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Proceedings Paper

Detection and classification of concealed weapons using a magnetometer-based portal
Author(s): Dale K. Kotter; Lyle G. Roybal; Robert E. Polk
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Paper Abstract

A concealed weapons detection technology was developed through the support of the National Institute of Justice (NIJ) to provide a non intrusive means for rapid detection, location, and archiving of data (including visual) of potential suspects and weapon threats. This technology, developed by the Idaho National Engineering and Environmental Laboratory (INEEL), has been applied in a portal style weapons detection system using passive magnetic sensors as its basis. This paper will report on enhancements to the weapon detection system to enable weapon classification and to discriminate threats from non-threats. Advanced signal processing algorithms were used to analyze the magnetic spectrum generated when a person passes through a portal. These algorithms analyzed multiple variables including variance in the magnetic signature from random weapon placement and/or orientation. They perform pattern recognition and calculate the probability that the collected magnetic signature correlates to a known database of weapon versus non-weapon responses. Neural networks were used to further discriminate weapon type and identify controlled electronic items such as cell phones and pagers. False alarms were further reduced by analyzing the magnetic detector response by using a Joint Time Frequency Analysis digital signal processing technique. The frequency components and power spectrum for a given sensor response were derived. This unique fingerprint provided additional information to aid in signal analysis. This technology has the potential to produce major improvements in weapon detection and classification.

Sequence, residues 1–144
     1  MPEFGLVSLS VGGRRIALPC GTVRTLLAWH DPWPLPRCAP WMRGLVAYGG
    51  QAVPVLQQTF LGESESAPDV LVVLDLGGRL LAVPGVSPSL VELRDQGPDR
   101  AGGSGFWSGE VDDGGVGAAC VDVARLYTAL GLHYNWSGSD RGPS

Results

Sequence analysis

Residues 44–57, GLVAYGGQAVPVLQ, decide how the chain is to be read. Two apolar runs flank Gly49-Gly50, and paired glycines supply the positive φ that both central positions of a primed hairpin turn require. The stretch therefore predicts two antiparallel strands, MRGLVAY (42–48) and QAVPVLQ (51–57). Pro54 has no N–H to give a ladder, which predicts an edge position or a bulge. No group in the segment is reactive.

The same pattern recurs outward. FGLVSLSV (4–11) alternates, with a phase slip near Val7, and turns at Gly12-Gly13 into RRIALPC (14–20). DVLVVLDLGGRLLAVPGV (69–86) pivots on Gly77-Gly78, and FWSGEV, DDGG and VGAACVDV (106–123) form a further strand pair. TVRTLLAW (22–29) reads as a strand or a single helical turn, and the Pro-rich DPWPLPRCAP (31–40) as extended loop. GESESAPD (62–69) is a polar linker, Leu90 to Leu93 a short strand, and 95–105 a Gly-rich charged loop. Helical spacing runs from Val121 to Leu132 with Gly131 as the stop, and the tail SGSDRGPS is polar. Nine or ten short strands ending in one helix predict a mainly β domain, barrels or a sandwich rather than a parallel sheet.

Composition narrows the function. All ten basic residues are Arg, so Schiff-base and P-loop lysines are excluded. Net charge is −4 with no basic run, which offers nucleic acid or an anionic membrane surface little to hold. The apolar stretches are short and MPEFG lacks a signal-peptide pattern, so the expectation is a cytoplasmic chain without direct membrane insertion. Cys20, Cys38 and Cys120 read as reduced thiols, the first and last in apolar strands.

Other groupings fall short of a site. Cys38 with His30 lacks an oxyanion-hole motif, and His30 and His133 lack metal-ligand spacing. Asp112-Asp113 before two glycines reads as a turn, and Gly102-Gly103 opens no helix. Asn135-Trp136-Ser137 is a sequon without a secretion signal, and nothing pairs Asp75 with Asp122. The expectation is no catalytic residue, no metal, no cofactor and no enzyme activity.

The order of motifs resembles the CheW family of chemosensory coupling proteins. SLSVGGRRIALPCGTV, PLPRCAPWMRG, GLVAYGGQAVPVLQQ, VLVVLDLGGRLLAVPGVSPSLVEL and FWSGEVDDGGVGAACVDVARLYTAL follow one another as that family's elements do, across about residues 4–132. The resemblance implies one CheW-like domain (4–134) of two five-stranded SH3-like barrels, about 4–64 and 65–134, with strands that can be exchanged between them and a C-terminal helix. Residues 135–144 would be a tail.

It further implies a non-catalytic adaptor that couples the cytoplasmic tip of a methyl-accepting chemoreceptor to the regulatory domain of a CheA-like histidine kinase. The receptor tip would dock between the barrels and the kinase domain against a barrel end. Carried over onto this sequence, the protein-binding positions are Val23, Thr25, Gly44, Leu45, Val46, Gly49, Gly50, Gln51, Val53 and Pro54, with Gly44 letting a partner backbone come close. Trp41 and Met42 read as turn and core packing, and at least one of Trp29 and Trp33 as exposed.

Paper Details

Date Published: 14 August 2002
PDF: 11 pages
Proc. SPIE 4708, Sensors, and Command, Control, Communications, and Intelligence (C3I) Technologies for Homeland Defense and Law Enforcement, (14 August 2002); doi: 10.1117/12.479303
Show Author Affiliations
Dale K. Kotter, Idaho National Engineering and Environmental Lab. (United States)
Lyle G. Roybal, Idaho National Engineering and Environmental Lab. (United States)
Robert E. Polk, Idaho National Engineering and Environmental Lab. (United States)


Published in SPIE Proceedings Vol. 4708:
Sensors, and Command, Control, Communications, and Intelligence (C3I) Technologies for Homeland Defense and Law Enforcement
Edward M. Carapezza, Editor(s)

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